Discovering you may be suffering with hearing loss is a difficult realization to come to, but for approximately 30-40% of Americans over the age of 65, such a realization is sadly, commonplace. When exploring your various treatment and or diagnosis options, one of your first questions will likely be “Who can help me with this hearing loss?” The answer is, there are several well-trained professionals who are perfectly capable of helping you learn more about your hearing loss, how to treat it, and how to make it just a bit easier living with hearing loss.
Otolaryngologists (ear, nose and throat doctors), audiologists, and hearing instrument specialists are all very well qualified to both test your hearing and help you explore various treatment options. If you are having unusual problems associated with your hearing loss such as pain in the ears, drainage, difficulty maintaining balance, a single-sided hearing loss, or a rapid hearing loss, your safest bet is to visit an otolaryngologist.
Both audiologists and hearing instrument specialists are required to refer you to an ear doctor for the above problems, so you will save yourself some time and money by seeing and ear doctor first. The ear doctor will ensure that there is no larger, more threatening, underlying problem which is contributing to your hearing loss. If and when these underlying issues have been addressed and there is still some hearing loss, the ear doctor will likely refer you to an audiologists or hearing instrument specialist.
If you have a typical sensorineural hearing loss, (nerve loss), chances are, the specialist will recommend hearing aids, which are usually the best treatment option. There are various styles of hearing aids, from behind-the-ear devices, to completely invisible in-the-canal devices which are so small they can’t be seen at all.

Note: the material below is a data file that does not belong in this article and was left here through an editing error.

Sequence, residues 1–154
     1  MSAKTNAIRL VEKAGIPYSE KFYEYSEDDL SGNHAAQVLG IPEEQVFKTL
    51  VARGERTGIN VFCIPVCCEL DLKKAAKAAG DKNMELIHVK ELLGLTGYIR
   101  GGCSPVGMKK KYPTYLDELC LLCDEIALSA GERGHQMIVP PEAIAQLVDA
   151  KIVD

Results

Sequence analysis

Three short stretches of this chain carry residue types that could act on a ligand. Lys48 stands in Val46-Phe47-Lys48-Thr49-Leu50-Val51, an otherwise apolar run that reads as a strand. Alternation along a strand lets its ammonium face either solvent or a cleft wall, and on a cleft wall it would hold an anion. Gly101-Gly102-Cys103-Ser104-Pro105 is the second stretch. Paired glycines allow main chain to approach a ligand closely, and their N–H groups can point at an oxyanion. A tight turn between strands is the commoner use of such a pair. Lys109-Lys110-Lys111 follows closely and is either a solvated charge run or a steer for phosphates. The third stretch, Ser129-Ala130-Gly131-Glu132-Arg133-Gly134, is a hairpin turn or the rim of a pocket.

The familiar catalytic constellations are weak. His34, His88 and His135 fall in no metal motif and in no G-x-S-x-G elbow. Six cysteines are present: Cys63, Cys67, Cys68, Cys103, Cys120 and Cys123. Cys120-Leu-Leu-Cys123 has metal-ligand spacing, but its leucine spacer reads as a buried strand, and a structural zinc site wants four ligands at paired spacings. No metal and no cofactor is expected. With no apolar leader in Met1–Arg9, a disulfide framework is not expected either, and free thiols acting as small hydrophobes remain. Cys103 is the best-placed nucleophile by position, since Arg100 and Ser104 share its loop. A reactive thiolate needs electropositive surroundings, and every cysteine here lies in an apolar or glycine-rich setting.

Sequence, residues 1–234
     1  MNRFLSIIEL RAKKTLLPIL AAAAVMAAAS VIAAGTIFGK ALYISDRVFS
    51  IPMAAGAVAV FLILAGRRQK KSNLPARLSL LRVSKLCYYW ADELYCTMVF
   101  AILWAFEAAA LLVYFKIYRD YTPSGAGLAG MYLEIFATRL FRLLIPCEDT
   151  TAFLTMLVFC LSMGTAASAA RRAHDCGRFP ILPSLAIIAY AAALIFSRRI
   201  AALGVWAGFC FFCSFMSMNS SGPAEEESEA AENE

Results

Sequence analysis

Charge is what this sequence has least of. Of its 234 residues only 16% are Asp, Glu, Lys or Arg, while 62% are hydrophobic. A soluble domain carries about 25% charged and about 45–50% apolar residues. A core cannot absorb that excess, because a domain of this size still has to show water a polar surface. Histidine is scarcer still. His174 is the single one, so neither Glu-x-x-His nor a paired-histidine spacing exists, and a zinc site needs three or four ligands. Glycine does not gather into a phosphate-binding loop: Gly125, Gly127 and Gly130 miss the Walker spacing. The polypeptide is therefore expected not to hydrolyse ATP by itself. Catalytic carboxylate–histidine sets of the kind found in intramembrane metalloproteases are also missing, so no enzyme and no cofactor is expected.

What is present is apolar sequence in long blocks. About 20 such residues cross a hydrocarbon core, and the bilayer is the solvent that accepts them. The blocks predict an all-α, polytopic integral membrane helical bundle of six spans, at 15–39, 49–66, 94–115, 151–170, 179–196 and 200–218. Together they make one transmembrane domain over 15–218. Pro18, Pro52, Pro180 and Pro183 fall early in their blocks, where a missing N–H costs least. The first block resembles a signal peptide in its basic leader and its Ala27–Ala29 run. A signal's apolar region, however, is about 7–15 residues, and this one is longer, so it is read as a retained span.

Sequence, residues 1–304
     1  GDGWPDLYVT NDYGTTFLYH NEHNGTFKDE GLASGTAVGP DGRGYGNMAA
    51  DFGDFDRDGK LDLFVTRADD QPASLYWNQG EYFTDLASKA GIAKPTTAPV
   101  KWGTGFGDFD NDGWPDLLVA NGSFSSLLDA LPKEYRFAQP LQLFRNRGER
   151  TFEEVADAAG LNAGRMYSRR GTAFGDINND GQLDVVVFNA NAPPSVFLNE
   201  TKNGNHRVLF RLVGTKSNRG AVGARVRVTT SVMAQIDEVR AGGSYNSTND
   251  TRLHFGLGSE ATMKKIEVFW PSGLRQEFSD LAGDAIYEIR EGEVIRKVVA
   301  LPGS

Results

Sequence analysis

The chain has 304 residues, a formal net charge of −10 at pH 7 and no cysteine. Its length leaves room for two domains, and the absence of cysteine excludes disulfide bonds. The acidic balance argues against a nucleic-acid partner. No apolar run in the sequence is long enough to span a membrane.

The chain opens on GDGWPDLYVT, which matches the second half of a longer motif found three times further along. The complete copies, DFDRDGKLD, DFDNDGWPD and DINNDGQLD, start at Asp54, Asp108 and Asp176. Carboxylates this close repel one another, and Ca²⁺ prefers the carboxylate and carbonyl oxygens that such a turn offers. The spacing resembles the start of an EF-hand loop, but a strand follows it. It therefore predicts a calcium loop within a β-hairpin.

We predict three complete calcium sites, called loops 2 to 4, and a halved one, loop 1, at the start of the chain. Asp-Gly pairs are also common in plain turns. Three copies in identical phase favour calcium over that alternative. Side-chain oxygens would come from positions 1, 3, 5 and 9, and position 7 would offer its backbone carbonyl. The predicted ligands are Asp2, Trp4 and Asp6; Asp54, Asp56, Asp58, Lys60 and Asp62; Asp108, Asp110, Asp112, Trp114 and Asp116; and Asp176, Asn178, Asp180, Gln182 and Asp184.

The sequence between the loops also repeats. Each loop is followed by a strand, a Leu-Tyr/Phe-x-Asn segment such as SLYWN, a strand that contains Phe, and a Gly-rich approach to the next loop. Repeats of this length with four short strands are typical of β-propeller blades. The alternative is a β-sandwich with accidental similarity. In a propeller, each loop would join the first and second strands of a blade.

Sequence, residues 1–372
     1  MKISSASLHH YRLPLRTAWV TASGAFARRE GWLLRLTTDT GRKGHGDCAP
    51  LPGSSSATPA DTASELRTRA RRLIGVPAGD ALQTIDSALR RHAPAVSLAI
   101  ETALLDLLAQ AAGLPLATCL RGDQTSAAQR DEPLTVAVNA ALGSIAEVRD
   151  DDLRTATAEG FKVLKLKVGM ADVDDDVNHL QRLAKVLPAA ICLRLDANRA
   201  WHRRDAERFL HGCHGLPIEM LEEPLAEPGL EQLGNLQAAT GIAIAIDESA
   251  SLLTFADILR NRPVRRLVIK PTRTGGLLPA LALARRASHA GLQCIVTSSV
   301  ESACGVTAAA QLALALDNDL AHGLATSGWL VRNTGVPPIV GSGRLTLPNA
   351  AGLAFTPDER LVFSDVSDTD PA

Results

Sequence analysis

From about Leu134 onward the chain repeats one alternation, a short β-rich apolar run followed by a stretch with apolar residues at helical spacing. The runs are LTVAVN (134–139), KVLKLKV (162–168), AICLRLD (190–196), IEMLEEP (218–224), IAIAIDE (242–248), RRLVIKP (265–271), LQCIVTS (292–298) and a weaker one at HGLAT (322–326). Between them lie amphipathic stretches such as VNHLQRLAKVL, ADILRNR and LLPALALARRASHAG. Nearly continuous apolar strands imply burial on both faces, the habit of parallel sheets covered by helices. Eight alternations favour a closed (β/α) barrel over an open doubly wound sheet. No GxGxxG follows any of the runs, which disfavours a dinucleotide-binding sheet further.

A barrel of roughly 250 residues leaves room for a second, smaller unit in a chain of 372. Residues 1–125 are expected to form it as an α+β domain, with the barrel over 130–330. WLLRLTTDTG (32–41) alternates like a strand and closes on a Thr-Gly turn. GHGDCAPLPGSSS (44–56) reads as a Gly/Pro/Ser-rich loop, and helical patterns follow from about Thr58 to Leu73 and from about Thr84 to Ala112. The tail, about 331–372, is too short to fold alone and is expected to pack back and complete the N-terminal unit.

Beyond the actual style of the hearing aid, there are numerous features which you may or may not need depending on your lifestyle. Your audiologist or hearing instrument specialist will go over these options with you, and equipped with the results of your hearing test, will help you find the best solution for you. No matter which device you settle on, the most important aspect of wearing hearing aids is the care you receive from your provider. The worst hearing care provider in the world can’t make the best hearing aids sound good for you, and the best providers can make even entry level hearing aids sound decent for you. So on your journey to better hearing, it’s wise to focus less on the actual device you’re wearing, and more on the level of care and commitment your hearing professional provides you.
Whichever route you choose to take, the entire team at Birmingham Bloomfield Audiology and ZipHearing wish you the best of luck. To better hearing!
About the Author: Jeff Hall is a hearing instrument specialist in California’s Central Valley, and founder of ZipHearing.com, which is a website designed to help those struggling with hearing loss find the right hearing instrument, at the right price, from a provider near them.